Hannah Whitall Smith (1832-1911) was a remarkable woman, especially considering the time in which she lived. Active in the women’s suffrage and temperance movements, Smith was a Quaker and a Christian mystic. (The back cover of my version of the book calls her a “Quaker, rebel, realist.”) In addition to writing books, she preached in the Holiness movement in the United States and the Higher Life movement in the United Kingdom.
She believed in Christian mindfulness, even if she didn’t have that phrase in her vocabulary. She rested in the presence of Jesus as she lived a remarkably active life. She listened for God’s will and she did it. This book tells you how.
The book remains a relatively easy read because Smith, as a Quaker, used plain speech as she wrote it. It has a 4.5 rating on Amazon with 358 readers ranking it and a 4.3 rating on Goodreads with 1,843 rating it. More recommended books and online resources can be found here.
Alan Fadling opens this book with the words: “I am a recovering speed addict … and I don’t mean the drug.” This spiritual director’s mission is to inspire people to rest deeper, love fuller and lead better.
Living a frenetic life was a sign of success in my pre-retirement world. Even today the successful retired person is busy, even crazy busy. The pandemic has slowed down the pressure, but it’s still there.
Fadling details the rhythms of Jesus’ life … from the huge meetings with seekers, the miracles, the days of discipling the disciples and the nights of prayer alone. Jesus, who could sleep through a storm at sea, led a balanced life.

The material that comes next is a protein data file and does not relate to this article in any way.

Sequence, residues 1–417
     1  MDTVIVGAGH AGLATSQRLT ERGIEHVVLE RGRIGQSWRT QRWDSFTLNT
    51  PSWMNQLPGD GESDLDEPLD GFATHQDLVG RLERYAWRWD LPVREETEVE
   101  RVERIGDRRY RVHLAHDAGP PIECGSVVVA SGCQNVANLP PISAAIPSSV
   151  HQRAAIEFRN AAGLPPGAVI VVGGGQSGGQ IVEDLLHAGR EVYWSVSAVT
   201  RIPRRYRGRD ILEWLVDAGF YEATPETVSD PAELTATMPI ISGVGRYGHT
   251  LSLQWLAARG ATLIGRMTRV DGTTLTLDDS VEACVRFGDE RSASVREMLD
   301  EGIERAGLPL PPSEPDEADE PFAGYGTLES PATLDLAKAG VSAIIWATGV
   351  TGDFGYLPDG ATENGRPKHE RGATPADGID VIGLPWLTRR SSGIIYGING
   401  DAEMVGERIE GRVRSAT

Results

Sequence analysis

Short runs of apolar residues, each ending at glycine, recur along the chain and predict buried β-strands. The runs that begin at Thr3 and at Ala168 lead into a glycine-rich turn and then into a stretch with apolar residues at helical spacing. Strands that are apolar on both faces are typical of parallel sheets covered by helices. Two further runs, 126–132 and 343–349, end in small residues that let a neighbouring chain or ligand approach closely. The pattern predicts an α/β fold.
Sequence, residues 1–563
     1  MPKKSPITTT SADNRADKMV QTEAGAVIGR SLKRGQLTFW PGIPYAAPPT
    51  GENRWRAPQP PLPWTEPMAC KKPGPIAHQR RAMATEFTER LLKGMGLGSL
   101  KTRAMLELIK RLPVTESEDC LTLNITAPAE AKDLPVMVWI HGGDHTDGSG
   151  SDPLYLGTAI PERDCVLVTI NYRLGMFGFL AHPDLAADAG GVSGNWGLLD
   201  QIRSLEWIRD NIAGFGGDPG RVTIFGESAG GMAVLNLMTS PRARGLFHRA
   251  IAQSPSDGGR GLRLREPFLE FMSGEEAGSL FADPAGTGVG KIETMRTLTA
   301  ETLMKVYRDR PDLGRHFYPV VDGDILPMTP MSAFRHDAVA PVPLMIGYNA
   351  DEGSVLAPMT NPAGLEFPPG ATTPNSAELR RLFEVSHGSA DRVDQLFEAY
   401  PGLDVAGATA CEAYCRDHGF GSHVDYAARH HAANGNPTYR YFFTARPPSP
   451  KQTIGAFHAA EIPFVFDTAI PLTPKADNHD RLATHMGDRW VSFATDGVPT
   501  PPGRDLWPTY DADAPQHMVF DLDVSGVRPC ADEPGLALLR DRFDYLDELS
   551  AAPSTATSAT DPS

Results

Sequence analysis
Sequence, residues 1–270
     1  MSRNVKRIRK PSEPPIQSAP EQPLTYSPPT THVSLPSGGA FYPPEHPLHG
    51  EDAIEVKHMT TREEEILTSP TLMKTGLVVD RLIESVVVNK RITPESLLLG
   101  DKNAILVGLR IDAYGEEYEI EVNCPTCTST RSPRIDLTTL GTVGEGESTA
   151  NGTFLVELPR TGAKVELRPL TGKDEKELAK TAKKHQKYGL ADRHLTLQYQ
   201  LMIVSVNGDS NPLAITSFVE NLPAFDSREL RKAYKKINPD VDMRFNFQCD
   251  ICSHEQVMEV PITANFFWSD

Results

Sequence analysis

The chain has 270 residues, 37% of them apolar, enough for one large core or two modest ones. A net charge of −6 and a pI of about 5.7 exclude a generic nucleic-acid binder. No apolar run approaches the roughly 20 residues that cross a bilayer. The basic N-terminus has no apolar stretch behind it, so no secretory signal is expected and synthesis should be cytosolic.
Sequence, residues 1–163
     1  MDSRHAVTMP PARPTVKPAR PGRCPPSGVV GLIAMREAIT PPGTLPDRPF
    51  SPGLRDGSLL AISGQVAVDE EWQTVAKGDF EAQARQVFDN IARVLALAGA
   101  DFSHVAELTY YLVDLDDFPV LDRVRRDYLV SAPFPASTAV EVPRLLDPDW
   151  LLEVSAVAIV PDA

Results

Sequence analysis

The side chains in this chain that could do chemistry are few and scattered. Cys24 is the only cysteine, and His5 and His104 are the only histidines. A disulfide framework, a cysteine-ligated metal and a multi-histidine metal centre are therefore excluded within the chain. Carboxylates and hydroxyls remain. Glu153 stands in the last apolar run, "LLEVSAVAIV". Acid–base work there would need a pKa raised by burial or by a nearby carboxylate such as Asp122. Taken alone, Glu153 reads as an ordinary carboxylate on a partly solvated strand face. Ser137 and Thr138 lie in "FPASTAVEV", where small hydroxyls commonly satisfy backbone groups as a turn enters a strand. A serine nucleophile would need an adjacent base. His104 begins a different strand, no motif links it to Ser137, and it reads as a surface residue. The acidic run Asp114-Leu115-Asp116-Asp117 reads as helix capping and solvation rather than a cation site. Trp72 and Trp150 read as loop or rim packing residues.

He applies that insight into our world’s issues, like productivity, suffering and rest. He also provides insightful questions to pray over at the end of each chapter and a list of spiritual practices that can help us to slow down.
Here is a short video of Fadling talking about what he means by an unhurried life and his book “An Unhurried Leader.”
Amazon has “An Unhurried Life” rated at five stars with 99 reviews. Goodreads has it at 4.11 stars with 602 reviews. It won the 2014 Christianity Today Award of Merit.
Other resources useful for a practice of Christian mindfulness are here.
Similar in structure to his “Celebration of Discipline,” Foster divides the types of prayers into three categories:
Moving inward: Seeking the transformation we need. This includes the prayer of the forsaken, examen, the prayer of tears and formation prayer.
Moving upward: Seeking the intimacy we need. It covers the prayer of adoration, prayer of rest, sacramental prayer, unceasing prayer and contemplative prayer.